Falling Cost of U.S. Shale Oil Production

In shale oil fields from Texas to North Dakota, production costs have roughly halved since 2014, when Saudi Arabia turned toward maintaining OPEC’s market share in an attempt to drive higher-cost shale producers out of the market. But, instead of killing the U.S. shale oil industry, the price war that ensued made shale oil a stronger rival. For example, in Dunn County, North Dakota, there are about 2,000 square miles where the cost to produce Bakken shale oil is $15 a barrel, which is about the same as Iran’s cost, and a little higher than that of Iraq. Dunn County produces about a fifth of the daily production in the state—about 200,000 barrels of oil a day. Improved technology and drilling techniques have boosted efficiency for the entire state and U.S. oil industry. On average, the breakeven cost per barrel to produce Bakken shale oil at the wellhead has fallen to $29.44 a barrel in 2016 from $59.03 a barrel in 2014. (See chart below.)[i]

Source: http://www.reuters.com/article/us-opec-meeting-usa-shale-idUSKBN13P0C8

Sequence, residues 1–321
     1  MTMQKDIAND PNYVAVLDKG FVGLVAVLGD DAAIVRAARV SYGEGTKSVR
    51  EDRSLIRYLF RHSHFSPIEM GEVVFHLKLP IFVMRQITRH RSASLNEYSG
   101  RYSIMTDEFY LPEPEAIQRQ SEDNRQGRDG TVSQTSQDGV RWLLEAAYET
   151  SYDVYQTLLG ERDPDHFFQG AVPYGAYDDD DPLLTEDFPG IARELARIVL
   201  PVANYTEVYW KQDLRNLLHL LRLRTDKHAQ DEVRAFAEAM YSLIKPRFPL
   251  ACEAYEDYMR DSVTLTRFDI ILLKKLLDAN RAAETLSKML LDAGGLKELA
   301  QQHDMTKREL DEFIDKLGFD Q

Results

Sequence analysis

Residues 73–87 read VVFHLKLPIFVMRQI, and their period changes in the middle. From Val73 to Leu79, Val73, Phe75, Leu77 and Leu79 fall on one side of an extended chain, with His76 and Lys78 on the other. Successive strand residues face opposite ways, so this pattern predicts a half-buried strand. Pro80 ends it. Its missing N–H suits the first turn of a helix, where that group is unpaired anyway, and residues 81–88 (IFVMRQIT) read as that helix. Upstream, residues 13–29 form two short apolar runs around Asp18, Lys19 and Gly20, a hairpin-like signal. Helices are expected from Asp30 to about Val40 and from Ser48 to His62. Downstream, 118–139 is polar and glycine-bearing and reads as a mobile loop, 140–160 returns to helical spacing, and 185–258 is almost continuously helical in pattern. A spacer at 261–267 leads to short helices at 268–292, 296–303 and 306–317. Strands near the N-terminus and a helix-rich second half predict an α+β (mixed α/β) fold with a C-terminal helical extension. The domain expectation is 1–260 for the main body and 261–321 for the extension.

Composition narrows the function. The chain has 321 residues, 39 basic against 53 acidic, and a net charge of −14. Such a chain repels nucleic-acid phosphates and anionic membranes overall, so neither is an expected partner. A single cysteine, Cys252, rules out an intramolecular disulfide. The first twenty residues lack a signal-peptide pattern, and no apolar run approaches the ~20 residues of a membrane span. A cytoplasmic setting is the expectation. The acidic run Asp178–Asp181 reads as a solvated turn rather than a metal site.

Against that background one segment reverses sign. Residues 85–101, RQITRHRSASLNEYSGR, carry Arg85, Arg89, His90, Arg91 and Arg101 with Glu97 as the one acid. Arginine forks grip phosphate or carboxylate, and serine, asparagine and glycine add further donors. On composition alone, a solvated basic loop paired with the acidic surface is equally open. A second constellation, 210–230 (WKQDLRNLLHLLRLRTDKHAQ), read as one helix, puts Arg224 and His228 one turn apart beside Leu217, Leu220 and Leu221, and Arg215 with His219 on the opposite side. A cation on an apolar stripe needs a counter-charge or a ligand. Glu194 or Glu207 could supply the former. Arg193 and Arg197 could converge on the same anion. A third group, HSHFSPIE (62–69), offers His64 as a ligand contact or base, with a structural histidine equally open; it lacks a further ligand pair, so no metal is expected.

The production costs of producing oil from shale oil basins in the United States are becoming competitive with Middle Eastern oil field costs as the chart below shows.

Source: http://www.reuters.com/article/us-opec-meeting-usa-shale-idUSKBN13P0C8

Bakken shale oil producers still need a substantially higher price than their breakeven cost to make a profit since they pay more to transport crude to market than producers in most other U.S. oil producing regions due to its distance from markets and the higher cost of rail shipments over pipeline shipments. International oil prices of $45 a barrel are enough for some Bakken producers to profit, while $55 a barrel would encourage production growth.

OPEC Agrees to Cut Production

OPEC has agreed to cut oil output by about 1.2 million barrels a day starting in January, reducing its combined production to 32.5 million barrels a day. The agreement exempted Nigeria and Libya, but gave Iraq its first quotas since the 1990s. Saudi Arabia will reduce output by 486,000 barrels a day to 10.058 million barrels a day and Iraq, OPEC’s second-largest producer, will cut production by 210,000 barrels a day. The United Arab Emirates and Kuwait will reduce output by 139,000 barrels a day and 131,000 a day, respectively. Non-OPEC members have agreed to cut production by 580,000 barrels per day, with Russia agreeing to cut by as much as 300,000 barrels a day “conditional on its technical abilities.”